Tasting Coffee For Max Enjoyment: Most People Do It Wrong
A handful of blueberries, a field of aromatic flowers, the crispness of a ripe green apple. Have you tasted these things in your coffee? I’d love to teach you how.
Passionately farmed, freshly roasted and ground, well-brewed coffee has amazingly complex flavors.
Coffee pros separate these tastes into a few categories (and we explain each of them in the links below):
The problem is… tasting mindfully isn’t something most people are good at.
Sipping mindlessly, gulping for energy—this blocks your taste receptors from perceiving your coffee’s most complex flavors. Your brain literally passes by the best flavors because it’s busy doing something else.
That’s why we strongly suggest taking the first few sips of your daily brew with full focus. Take a sip, swish it around your tongue so you trigger all your taste receptors, and ask yourself the magic question.
“What does this remind me of?”
This question gives your mind permission to slow down—even if just for a few seconds—to truly experience the coffee. Let your mind enjoy and explore the flavors with more questions.
- Does the bitterness remind you of dark chocolate or liquorice?
- Does the acidity remind you of a green apple or lemon?
- Is it sweet or flowery?
- What’s that nutty flavor? Pecan, hazelnut?
Learning to taste coffee is one of the best ways you can turn your daily cup of energy into a magnificent, multi-faceted sensory experience that makes you happy.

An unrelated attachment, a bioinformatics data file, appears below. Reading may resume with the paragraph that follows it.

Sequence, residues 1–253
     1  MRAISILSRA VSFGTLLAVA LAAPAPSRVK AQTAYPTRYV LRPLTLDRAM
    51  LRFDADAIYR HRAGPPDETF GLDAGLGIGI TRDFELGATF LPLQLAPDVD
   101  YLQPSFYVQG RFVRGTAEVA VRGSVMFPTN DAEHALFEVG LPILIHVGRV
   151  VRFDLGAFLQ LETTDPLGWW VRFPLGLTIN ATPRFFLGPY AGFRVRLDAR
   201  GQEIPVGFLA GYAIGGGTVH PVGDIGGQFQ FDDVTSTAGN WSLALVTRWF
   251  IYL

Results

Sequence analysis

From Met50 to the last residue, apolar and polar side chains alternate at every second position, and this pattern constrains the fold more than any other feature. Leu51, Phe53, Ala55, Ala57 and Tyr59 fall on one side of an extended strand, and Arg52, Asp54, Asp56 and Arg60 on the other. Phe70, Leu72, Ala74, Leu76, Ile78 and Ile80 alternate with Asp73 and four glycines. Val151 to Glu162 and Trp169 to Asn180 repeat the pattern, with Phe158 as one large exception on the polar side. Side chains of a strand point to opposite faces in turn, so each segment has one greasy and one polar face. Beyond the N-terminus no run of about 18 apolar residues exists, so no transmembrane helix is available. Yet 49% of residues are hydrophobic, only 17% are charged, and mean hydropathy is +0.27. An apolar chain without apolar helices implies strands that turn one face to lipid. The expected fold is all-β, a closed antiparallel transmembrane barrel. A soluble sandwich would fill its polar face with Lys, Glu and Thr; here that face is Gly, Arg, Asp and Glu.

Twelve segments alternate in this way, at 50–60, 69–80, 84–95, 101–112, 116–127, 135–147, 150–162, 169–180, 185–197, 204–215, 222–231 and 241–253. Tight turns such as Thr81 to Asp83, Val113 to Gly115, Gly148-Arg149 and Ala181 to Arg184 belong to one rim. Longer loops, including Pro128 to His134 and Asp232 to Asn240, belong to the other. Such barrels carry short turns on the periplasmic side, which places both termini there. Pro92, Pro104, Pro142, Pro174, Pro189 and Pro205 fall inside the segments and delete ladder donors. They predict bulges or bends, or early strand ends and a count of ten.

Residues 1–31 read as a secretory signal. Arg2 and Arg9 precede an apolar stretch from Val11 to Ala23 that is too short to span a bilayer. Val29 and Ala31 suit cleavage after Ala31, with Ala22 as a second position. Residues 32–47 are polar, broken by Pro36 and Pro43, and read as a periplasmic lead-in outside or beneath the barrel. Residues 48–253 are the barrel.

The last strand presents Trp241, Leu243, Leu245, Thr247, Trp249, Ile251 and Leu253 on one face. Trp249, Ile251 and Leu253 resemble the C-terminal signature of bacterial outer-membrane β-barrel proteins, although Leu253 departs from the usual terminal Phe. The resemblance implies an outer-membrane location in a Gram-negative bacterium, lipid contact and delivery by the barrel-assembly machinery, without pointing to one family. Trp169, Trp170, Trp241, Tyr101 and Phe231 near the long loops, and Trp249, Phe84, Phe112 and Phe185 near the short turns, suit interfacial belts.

Seriously, we cannot suggest learning this enough!
PLEASE explore our Learn How To Taste Coffee series.
How To Troubleshoot A Bad Brew (The Fast Way)
Everyone makes a bad cup of coffee. But if you can learn to troubleshoot your brew, you can change your technique so that, next time, it tastes rich and balanced again.
Most people never learn this, but it’s the final secret to mastering your daily coffee.
Using what you know about the coffee brewing stages (and what over and under extracted coffee tastes like), let’s walk through a few examples of bad flavors you may encounter.
Note: Only try one fix at a time. You don’t want to change more than one thing, overshoot, and end up frustrated that your coffee still tastes bad.
My Coffee Tastes Bitter
Let’s assume you’re (1) filtering your water already and (2) not using a dark coffee roast from low-grade or stale beans—because you can’t fix beans that taste bitter from the start.
Bitter coffee generally means over extraction. Essentially, you’ve pulled too much “stuff” from the grounds, and now the bitter compounds are overshadowing everything else. You need to brew less next time.